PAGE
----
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There has a been a lot of talking on a possible “big design flaw” in ASP.NET MVC: partial view path resolution was not cached and so a big performance issue. It all started with Rudi Benkovic’s presentation on ASP.NET MVC performances.

I also wrote a commentary on his presentation, but I was a bit skeptical about the fact that view path resolution was faster with a full url than with just the name of the view. I said:

This last one looks strange to me because the RenderPartial method should be caching the path resolution: maybe it’s a bug, or the test was performed with a pre-release version that didn’t cache the result.

But I didn’t have time to really test the behavior.

Then today another post came out: ASP.NET MVC: Hidden Performance Problem with HtmlHelper.RenderPartial functions.

He says that for each view rendered, all the search path are probed and, in order to understand whether a file exists or not, they throw an exception. This sounds silly to me, so this evening I decided to try it myself.

And I found the way to improve the performances without adding another layer of cache as someone was already planning to. Just don’t run in debug mode:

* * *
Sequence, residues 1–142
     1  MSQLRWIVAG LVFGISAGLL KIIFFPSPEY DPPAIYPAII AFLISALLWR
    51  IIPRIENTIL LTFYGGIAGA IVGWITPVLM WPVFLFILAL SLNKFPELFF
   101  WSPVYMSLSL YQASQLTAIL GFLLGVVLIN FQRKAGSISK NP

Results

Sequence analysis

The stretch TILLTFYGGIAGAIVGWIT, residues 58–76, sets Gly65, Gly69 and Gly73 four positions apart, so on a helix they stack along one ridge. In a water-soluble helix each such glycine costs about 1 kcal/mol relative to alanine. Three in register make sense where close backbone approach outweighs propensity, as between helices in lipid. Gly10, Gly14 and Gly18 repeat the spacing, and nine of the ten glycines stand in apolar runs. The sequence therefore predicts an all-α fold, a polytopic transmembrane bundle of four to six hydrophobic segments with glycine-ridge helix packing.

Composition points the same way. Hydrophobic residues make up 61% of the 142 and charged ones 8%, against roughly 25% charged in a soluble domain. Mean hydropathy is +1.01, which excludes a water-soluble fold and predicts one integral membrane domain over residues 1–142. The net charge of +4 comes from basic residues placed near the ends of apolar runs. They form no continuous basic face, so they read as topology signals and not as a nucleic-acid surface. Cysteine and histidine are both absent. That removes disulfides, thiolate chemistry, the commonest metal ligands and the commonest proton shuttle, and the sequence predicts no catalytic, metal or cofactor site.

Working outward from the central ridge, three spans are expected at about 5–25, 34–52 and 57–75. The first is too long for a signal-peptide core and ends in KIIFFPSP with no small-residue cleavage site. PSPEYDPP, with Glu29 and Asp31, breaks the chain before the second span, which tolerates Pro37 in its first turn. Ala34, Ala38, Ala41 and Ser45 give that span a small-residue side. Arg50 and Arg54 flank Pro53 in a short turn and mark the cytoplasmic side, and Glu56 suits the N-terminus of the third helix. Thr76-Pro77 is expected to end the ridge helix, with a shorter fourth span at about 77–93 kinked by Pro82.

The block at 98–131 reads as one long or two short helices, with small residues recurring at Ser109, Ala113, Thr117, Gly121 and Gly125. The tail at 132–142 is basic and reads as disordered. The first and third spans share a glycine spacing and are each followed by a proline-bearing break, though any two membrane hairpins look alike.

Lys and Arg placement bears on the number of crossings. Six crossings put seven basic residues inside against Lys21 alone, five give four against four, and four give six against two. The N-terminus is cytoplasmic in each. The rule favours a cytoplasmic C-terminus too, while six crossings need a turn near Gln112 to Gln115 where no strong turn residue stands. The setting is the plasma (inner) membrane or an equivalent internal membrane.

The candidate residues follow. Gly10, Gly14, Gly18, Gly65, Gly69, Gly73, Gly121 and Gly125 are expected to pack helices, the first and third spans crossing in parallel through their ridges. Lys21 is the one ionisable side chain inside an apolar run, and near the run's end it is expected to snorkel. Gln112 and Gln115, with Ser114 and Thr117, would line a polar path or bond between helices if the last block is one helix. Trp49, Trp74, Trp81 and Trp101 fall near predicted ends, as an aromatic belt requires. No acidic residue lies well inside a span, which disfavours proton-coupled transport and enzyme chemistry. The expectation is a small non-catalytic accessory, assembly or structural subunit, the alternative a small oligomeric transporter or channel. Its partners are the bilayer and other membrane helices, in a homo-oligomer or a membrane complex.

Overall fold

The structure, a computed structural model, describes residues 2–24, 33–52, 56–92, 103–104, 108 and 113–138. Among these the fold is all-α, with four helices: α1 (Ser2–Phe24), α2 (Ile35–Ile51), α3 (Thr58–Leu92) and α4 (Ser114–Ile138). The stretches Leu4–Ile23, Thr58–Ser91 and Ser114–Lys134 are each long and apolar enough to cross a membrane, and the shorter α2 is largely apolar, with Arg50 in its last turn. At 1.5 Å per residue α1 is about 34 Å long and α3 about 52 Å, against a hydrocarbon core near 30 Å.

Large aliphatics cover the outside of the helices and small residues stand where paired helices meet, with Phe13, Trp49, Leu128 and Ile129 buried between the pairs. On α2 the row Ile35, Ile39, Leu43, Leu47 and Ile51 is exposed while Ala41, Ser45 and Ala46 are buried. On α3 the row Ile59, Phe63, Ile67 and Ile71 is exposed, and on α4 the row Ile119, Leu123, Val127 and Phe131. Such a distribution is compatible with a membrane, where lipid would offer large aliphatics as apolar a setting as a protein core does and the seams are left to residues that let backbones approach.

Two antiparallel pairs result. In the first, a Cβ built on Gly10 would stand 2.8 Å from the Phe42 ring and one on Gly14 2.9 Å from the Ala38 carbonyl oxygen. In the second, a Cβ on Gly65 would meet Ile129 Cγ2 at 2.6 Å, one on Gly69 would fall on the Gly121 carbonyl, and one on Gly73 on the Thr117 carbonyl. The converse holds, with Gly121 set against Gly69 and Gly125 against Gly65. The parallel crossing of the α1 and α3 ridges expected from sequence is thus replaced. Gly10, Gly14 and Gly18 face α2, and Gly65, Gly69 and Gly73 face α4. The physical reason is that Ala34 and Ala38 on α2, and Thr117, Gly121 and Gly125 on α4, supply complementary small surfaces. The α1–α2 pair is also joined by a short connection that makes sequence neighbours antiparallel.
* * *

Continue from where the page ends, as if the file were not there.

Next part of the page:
<compilation debug="false">

Yes, it’s that simple.

Since ASP.NET MVC source code is public (actually it’s OpenSource) I had a look at it. And I found out the following line:

protected VirtualPathProviderViewEngine() {
    if (HttpContext.Current == null || HttpContext.Current.IsDebuggingEnabled) {
        ViewLocationCache = DefaultViewLocationCache.Null;
    }
    else {
        ViewLocationCache = new DefaultViewLocationCache();
    }
}

This says: if you are in debug mode (or are not in a web environment, like in tests), don’t cache. Otherwise use the cache.

I also went a bit on, and added some logging inside the view path resolution, in order to run it in release mode and see with my eyes that the cache was being used. The code that follows is the GetPath method inside the VirtualPathProviderViewEngine.cs file (code truncated to enhance readability):

private string GetPath( /* truncated */) {

     /* truncated */

      if (useCache) {
        string result = ViewLocationCache.GetViewLocation(
                                          controllerContext.HttpContext, cacheKey);
        if (result != null) {
            controllerContext.HttpContext.Response.Write(
                      String.Format("{0} lookup returned {1}\r\n", name, result));
            return result;
        }
    }

    controllerContext.HttpContext.Response.Write(
                String.Format("{0} lookup no cache\r\n", name));
    return (nameRepresentsPath) ?
        GetPathFromSpecificName(/* truncated */) :
        GetPathFromGeneralName(/* truncated */);
}

If you run in debug mode you will always see, when calling the RenderPartial on the LogOnUserControl, “LogOnUserControl lookup no cache”. But if you run it in release mode, you will get the no cache message the first time you run it, and later you’ll get “LogOnUserControl lookup returned ~/Views/Shared/LogOnUserControl.ascx”.

So, problem solved, no “big error” inside ASP.NET MVC 1.0, just someone that forgot the set the debug flag to false when doing its performance testing. And innocently spread the panic around that.